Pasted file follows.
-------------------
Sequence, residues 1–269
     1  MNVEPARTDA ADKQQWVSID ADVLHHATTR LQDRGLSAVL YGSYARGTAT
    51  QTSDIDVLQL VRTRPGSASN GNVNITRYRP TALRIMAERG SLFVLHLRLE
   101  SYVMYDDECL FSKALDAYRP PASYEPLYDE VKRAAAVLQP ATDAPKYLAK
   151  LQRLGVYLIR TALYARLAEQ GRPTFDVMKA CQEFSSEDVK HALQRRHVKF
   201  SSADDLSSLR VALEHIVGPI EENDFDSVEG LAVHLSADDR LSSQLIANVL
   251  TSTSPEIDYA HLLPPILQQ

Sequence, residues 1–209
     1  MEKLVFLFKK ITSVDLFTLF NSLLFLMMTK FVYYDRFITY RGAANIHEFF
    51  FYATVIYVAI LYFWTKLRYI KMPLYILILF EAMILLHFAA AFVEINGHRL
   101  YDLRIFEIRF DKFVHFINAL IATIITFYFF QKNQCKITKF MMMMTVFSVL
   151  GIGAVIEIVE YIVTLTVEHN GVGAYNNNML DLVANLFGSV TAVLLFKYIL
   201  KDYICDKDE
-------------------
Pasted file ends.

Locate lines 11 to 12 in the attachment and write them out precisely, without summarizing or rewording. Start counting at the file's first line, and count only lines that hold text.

   101  YDLRIFEIRF DKFVHFINAL IATIITFYFF QKNQCKITKF MMMMTVFSVL
   151  GIGAVIEIVE YIVTLTVEHN GVGAYNNNML DLVANLFGSV TAVLLFKYIL